Moms Clean Air Force Calls for Stronger Protections from Oil and Gas Air Pollution
December 17, 2019
Moms Clean Air Force gave oral testimony on Monday to the Colorado Air Quality Control Commission (AQCC) at a public hearing in Loveland. Representatives from the organization urged the agency to adopt strong new statewide standards to protect families and communities from oil and gas methane and ozone smog pollution. At a time when the Environmental Protection Agency (EPA) is proposing to rollback federal methane rules, it is crucial that Colorado continues their leadership and strengthens the protections for families in the state from oil and gas pollution.
The public hearing in Loveland was the third and final hearing about these standards. Hearings were also held earlier this month in Rifle and Durango in response to Senate Bill, 19-181 signed into law by Governor Polis in April. The bill directs the Air Quality Control Commission (AQCC) to minimize air pollution from oil and gas facilities.
After the public comment hearing in Loveland, the Colorado chapter of Moms Clean Air Force issued the following statements:
“As a mother living with oil and gas operations in my community, I am deeply concerned about the air pollution that puts my children’s health and safety at risk,” said Laurie Anderson, Colorado Field Organizer for Moms Clean Air Force who lives in Broomfield County. “The Colorado Department of Public Health and Environment’s November 2019 study made it clear that those living closest to oil and gas wells are at higher risk of health impacts. This is why the commission should also include tighter monitoring and stronger leak detection and repair requirements to protect children who live, learn, and play near oil and gas facilities. It is essential that communities like mine get the strongest methane protections to help clean up the air while at the same time reducing climate pollution,” said Laurie Anderson.
Methane, a potent greenhouse gas, is responsible for about 25 percent of the global warming we are experiencing today. With over 50,000 active oil and gas facilities in the state, the oil and gas industry is a significant source of methane pollution in Colorado.
“Colorado is already suffering the devastating effects of the climate crisis,” said Shaina Oliver, who is a Moms Clean Air Force Field Organizer living with her four children in Denver. Oliver is a Native American member of the Navajo nation. “More than a third of the snowpack in the Rocky Mountains has disappeared since 1982. My people rely on the snowpack in the mountains to supply water to the Colorado River, which provides water to my tribe south of Colorado.This river is connected to the Navajo people culturally and traditionally and is a part of our oral history. In addition, last year, Denver saw less rainfall than Phoenix, Arizona, Arizona, coupled with more intense wildfire seasons and devastating forest fires. The Air Quality Control Commission now has an opportunity with strong rulemaking to clean up methane pollution contributing to climate change,” said Oliver.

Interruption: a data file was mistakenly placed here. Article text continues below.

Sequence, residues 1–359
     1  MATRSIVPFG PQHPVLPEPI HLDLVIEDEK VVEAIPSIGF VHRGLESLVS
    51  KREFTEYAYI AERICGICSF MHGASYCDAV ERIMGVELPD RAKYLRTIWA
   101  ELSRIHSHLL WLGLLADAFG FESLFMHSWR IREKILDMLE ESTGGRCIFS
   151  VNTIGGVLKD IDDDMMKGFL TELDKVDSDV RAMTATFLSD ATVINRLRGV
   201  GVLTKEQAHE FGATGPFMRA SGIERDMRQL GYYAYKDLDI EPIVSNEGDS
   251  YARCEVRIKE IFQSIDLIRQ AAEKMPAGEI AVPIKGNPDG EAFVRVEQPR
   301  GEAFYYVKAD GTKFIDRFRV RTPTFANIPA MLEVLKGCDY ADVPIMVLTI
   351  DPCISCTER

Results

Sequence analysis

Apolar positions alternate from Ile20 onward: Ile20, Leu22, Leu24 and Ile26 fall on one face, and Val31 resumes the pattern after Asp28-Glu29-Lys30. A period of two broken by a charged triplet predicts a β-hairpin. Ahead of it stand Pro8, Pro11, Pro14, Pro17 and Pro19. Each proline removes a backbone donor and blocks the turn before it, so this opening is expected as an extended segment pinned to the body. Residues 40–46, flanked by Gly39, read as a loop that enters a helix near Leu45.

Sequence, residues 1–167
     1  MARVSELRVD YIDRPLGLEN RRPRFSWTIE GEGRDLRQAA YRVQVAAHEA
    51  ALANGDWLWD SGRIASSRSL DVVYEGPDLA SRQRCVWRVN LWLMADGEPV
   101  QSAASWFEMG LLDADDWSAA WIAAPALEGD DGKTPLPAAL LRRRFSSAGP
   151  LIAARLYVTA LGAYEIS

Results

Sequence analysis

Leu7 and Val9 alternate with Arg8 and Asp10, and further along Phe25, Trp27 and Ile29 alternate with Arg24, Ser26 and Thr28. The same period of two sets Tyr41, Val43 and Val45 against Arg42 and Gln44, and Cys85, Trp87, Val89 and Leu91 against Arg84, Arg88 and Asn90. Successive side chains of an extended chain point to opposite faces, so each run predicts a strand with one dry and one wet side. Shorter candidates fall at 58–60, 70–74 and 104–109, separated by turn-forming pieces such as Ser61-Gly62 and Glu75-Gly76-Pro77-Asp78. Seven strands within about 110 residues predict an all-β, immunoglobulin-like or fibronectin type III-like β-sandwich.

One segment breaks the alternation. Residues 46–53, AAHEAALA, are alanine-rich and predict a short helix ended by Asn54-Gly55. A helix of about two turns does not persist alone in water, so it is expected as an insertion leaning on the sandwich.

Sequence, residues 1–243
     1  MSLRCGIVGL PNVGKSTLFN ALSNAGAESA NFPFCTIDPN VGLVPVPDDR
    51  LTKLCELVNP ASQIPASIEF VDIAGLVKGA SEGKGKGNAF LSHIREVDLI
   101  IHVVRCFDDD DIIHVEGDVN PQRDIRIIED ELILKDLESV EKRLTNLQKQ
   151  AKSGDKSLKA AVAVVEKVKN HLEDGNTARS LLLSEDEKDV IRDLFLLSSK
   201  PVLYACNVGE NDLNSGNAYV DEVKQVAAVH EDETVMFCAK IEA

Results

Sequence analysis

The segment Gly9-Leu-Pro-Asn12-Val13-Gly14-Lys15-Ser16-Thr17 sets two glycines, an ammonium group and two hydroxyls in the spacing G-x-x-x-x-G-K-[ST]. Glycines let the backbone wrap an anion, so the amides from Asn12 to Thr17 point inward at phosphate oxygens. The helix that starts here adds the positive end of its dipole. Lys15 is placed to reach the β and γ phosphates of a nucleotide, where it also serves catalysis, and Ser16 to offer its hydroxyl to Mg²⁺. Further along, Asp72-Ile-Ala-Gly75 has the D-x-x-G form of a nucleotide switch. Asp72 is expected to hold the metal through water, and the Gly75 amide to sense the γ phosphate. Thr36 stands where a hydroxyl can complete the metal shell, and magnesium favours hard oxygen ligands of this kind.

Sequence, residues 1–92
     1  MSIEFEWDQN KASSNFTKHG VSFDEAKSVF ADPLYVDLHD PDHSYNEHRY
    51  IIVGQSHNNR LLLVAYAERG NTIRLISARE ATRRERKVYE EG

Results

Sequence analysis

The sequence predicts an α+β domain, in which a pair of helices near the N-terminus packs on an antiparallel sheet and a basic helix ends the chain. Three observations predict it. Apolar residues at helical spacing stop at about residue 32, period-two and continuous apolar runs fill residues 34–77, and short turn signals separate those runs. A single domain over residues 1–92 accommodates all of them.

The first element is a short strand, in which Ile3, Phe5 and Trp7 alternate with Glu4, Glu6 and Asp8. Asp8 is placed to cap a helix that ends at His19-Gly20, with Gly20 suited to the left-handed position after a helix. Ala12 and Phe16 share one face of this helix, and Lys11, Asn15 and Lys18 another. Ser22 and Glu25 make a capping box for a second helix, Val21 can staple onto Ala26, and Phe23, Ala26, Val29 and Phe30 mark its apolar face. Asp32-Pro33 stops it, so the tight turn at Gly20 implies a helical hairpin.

Though progress has been made in cutting the amount of methane and ozone-forming air pollutants emitted by the oil and gas industry, Colorado’s Front Range is still failing to meet federal ozone standards, and the state still has a methane pollution problem.
“Oil and gas air pollution contributes to the formation of ground level ozone, or smog, and threatens the health of people living in the Front Range and across the state,” said Elizabeth Brandt, Moms Clean Air Force Field Manager, who also testified at the Loveland hearing. “Last summer, there were multiple Ozone Alert days on the Front Range with children, the elderly, and those with asthma warned to stay inside because of poor air quality. Colorado’s families have a right to live in a clean environment and breathe clean air. Moms Clean Air Force’s over 43,000 members in Colorado want the Air Quality Control Commission (AQCC) to act boldly and swiftly to adopt a more protective oil and gas air pollution standards that are essential to fighting climate change—and safeguarding the health and future of our children,” said Brandt.
On December 17-19, the Commission will meet in Denver to consider recommendations from the Colorado Air Pollution Control Division to reduce methane and ozone emissions from oil and gas operations around the state. For more information about how Colorado is impacted by oil and gas pollution please see this blog post Climate Change Threatens Colorado. For more information on how Moms Clean Air Force in Colorado is fighting methane and climate change visit the Colorado chapter website here.
About Moms Clean Air Force: Moms Clean Air Force is a community of over one million moms—and dads—working together to fight air pollution, including the urgent crisis of our changing climate. For more information, go to http://www.momscleanairforce.org/or follow us on Twitter @CleanAirMoms, Instagram @cleanairmoms, or Facebook.